There are yards yet to run and a lot of football left to play but, if you listen to political prognosticators, the 2016 presidential race is all over but the shouting as newly released national polls show Donald Trump headed for a stinging defeat in the fall.
His bombastic, bone-headed rantings about women and minorities have cost him “big league,” to borrow Trump’s own parlance. And, with President Obama hitting the campaign trail in North Carolina next week, the presumptive Republican nominee could have farther to fall.
But there’s a lot of time still on the clock, and almost anything can happen between now and November.
Right now, though, the numbers are almost too dismal to believe. The New York businessman, whose name adorns high-rise buildings, resorts and country clubs from the shores of North Miami Beach to the fairways of Turnberry, Scotland, is losing by nearly every metric. Not only does he trail Hillary Clinton by eight to 12 points, and much more among non-whites, women and younger voters, but his current lead among white men is perilously small when compared to those of Mitt Romney and John McCain at this point in the last two presidential elections.
Trump is currently on course to lose the African American vote by a larger margin than any presidential candidate since the Fifteenth Amendment was ratified in 1870. Even if he should manage to win, his abysmal support among Hispanics, a block heavily courted by the GOP in recent years, should worry every Republican.
More importantly, they should be concerned that 61 percent of poll respondents believe “the campaign is increasing hatred and prejudice in the United States.” Sixty-seven percent blame Trump.
Yet while Trump has now shaken up his small team of advisors, he’s shown little sign of the pivot to being presidential he kept promising during the primary. His use of a TelePrompTer for big speeches notwithstanding, Trump still relies on the same us-vs.-them, talking points that garnered rounds of raucous applause in the primary. “They”—who are many of us—have responded accordingly.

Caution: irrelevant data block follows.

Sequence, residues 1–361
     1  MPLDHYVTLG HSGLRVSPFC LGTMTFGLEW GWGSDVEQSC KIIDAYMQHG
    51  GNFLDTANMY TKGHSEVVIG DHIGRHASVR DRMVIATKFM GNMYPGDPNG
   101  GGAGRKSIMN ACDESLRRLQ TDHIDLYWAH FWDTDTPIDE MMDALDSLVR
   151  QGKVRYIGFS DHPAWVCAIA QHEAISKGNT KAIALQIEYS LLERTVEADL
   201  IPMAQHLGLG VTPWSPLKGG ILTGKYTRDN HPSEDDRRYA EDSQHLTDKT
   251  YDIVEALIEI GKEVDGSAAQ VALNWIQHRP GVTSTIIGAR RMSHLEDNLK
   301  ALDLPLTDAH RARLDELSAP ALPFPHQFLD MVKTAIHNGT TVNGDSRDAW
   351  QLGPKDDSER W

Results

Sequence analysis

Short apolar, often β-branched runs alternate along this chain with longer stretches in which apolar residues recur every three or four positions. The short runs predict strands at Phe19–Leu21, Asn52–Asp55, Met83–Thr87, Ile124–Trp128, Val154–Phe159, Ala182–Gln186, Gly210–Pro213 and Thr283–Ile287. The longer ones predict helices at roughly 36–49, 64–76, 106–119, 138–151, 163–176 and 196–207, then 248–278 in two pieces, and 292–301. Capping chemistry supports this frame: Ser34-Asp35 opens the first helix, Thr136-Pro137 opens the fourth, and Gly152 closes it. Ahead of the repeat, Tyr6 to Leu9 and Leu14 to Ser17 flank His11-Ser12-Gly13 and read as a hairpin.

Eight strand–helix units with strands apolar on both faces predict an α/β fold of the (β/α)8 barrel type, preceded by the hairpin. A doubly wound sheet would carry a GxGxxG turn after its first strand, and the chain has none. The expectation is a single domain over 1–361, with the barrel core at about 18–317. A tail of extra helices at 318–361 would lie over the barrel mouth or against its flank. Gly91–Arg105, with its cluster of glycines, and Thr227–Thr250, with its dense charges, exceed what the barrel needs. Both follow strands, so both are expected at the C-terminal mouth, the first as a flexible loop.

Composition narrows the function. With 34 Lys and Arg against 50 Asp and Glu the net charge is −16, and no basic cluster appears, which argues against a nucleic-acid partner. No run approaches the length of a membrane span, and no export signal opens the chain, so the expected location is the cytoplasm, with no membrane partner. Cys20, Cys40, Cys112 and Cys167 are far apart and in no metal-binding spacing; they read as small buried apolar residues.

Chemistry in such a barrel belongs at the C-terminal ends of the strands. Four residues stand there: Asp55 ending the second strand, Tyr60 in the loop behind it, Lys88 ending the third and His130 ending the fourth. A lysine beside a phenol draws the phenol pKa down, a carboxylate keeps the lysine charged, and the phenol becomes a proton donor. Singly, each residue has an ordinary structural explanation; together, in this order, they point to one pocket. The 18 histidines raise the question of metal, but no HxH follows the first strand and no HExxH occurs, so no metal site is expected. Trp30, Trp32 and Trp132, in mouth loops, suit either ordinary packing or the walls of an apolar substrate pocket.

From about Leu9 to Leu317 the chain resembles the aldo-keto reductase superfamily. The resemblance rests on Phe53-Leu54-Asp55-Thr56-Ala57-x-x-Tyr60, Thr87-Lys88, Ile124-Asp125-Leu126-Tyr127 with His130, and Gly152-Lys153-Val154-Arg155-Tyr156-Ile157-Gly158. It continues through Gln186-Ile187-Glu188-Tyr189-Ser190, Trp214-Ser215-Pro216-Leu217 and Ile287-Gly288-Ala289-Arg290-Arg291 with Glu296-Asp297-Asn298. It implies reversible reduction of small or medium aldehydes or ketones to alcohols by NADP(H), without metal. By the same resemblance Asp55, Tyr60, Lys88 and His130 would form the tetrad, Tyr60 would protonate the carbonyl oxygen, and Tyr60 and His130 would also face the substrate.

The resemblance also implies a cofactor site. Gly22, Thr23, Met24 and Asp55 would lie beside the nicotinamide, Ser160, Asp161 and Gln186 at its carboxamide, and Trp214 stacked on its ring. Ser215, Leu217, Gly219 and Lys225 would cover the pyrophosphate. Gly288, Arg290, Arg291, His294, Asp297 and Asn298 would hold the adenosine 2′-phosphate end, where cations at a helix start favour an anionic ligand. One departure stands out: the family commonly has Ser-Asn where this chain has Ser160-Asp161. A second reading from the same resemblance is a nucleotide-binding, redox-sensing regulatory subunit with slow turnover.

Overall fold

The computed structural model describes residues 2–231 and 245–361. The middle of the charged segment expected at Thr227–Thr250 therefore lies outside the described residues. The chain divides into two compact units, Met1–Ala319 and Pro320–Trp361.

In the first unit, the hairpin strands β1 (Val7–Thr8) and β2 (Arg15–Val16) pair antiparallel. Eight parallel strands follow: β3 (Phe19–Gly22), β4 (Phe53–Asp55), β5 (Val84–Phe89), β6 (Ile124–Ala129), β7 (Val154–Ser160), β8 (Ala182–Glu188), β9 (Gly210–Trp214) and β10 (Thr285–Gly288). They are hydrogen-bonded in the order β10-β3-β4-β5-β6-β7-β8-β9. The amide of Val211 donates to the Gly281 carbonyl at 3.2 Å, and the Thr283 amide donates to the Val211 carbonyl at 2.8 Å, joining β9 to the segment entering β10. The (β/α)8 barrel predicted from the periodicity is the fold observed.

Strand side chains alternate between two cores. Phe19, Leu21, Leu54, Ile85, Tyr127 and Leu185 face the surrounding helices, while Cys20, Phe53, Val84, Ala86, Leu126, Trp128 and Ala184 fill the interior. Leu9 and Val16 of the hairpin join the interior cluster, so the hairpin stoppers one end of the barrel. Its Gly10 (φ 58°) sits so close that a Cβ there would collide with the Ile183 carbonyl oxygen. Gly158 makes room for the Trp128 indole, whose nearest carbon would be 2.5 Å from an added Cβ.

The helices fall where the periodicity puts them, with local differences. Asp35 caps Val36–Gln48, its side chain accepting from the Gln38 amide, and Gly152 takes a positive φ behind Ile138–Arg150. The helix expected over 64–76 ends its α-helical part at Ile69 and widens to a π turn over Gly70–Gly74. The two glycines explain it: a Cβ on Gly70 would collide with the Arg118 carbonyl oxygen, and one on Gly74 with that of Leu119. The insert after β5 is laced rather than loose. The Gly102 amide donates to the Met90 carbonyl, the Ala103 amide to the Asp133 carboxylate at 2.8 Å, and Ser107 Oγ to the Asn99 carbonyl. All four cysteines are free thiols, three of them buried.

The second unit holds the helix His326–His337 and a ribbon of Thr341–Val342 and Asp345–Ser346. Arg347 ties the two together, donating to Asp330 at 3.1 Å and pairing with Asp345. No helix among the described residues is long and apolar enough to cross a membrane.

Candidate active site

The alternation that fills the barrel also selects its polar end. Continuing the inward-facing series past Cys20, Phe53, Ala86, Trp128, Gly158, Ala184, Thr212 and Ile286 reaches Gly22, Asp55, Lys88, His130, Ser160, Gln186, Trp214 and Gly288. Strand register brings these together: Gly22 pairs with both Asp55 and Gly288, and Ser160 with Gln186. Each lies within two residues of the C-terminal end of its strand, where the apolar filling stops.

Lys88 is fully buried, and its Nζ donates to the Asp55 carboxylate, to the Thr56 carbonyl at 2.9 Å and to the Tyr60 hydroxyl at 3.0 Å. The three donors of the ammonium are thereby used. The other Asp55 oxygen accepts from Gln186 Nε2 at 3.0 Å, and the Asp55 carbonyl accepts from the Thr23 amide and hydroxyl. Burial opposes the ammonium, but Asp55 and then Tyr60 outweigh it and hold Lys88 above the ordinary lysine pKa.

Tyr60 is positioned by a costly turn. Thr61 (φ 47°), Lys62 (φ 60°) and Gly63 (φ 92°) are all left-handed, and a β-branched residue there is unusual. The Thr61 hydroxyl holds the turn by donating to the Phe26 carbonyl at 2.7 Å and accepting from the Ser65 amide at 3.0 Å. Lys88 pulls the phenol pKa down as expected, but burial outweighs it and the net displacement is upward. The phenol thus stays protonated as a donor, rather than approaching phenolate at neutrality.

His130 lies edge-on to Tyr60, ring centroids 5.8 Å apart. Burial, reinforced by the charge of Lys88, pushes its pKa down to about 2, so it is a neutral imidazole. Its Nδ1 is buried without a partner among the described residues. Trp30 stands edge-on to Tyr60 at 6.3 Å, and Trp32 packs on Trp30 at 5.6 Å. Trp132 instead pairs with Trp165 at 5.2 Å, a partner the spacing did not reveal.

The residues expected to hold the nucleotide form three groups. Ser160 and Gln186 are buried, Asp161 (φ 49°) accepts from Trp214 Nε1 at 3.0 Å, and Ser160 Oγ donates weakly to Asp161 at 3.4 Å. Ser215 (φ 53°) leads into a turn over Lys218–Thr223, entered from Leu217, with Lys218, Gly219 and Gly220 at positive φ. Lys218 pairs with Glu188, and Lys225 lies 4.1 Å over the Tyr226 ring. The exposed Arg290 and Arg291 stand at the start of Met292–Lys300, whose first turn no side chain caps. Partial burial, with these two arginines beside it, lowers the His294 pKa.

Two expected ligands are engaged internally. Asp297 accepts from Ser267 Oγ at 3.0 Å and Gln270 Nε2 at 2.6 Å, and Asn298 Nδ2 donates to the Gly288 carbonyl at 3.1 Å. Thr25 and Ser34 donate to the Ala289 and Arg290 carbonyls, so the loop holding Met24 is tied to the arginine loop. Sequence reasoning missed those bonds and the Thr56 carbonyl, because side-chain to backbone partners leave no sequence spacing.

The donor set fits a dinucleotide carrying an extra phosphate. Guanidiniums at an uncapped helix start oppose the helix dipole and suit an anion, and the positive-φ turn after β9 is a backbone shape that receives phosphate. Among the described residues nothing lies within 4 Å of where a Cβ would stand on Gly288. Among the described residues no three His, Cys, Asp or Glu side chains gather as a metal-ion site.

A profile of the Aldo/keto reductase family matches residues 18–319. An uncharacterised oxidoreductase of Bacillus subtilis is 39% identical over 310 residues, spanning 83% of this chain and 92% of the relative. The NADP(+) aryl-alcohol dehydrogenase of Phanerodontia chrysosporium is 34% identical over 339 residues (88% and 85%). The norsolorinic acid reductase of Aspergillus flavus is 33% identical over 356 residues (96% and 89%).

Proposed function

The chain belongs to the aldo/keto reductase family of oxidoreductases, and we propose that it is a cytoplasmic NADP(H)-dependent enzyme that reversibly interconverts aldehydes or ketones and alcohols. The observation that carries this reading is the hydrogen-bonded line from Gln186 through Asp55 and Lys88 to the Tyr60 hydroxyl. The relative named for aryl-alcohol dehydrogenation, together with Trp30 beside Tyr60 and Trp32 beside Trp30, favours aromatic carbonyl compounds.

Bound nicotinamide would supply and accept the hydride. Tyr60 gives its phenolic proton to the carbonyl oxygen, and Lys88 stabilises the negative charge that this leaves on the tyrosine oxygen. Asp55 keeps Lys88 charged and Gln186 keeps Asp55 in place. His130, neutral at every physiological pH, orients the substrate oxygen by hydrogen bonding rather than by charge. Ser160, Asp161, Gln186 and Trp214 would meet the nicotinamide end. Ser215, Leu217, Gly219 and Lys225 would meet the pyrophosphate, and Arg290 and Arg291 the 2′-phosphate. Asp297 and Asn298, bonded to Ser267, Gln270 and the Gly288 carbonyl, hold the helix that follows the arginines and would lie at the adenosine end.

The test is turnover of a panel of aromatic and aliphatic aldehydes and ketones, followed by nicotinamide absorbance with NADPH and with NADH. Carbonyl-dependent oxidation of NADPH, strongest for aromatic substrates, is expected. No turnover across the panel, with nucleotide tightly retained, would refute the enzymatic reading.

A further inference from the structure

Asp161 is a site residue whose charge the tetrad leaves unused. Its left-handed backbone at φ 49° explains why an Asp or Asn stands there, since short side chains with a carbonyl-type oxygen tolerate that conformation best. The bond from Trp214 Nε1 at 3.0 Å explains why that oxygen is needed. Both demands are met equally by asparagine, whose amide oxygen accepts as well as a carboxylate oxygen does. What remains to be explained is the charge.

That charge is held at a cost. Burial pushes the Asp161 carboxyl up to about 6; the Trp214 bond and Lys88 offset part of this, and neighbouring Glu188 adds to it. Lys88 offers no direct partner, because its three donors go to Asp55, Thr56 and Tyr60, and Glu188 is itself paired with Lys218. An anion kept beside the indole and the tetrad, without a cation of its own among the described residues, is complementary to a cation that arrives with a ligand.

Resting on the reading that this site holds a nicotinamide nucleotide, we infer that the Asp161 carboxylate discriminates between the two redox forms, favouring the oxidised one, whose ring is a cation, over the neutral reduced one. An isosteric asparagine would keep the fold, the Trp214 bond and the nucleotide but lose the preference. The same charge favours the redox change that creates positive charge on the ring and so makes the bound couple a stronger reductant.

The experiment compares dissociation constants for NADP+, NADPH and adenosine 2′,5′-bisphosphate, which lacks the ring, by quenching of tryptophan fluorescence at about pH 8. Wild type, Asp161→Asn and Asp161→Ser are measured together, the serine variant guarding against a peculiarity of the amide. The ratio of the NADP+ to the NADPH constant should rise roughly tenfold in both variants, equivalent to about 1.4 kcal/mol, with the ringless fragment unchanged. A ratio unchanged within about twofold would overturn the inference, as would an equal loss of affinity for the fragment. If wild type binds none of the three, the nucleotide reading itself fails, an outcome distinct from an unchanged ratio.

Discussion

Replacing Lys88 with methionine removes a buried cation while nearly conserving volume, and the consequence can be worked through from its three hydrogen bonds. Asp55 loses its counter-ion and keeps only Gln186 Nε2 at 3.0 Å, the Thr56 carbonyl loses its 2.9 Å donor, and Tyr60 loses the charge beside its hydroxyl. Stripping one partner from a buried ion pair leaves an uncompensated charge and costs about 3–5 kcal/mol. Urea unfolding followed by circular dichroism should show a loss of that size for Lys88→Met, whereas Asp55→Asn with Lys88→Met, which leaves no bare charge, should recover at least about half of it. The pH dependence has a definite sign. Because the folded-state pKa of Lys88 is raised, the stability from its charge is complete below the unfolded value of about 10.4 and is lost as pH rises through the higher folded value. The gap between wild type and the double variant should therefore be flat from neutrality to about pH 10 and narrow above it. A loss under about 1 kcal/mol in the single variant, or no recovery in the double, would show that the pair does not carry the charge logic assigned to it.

If there is a “presidential” Trump, he has not yet shown himself. Still, while his tone is darker than Ronald Reagan’s “morning in America” the message is largely the same: white men are getting the short end of the stick. As Reagan well knew, that resonates in many quarters of the country.
It is no coincidence that Trump often bellows about “taking our country back” or that he rails against “political correctness,” just as it was no coincidence that Reagan gave his famous “states’ rights” speech in Neshoba County, Mississippi—the same place where three young civil rights activists were brutally murdered in the summer of 1964.
The sectarian, small tent politics that Sarah Palin returned to the national stage, and that Trump is using now, are nothing more than a bastardized version of Lee Atwater's tattered playbook. Even after the RNC published its famous autopsy after Romney’s defeat, the late Housing Secretary and Rep. Jack Kemp’s vision of expanding the GOP base to include more non-white voters has continued to wither away.
But don’t get cocky yet. Sure, it may be hard to believe that a fear mongering, know-nothing charlatan would be able to capture the American imagination (and headlines) in the way Trump has— let alone win election to the highest office in the land. But we’ve heard these cries of Peak Trump ever since he first entered the race, and he’s had more lives than a horror movie villain. Taking solace in the recent round of polling data would be fool-hearted, especially as he leads by nearly 20 points among white men.
Trump is a man who knows no border. And that should scare all of us.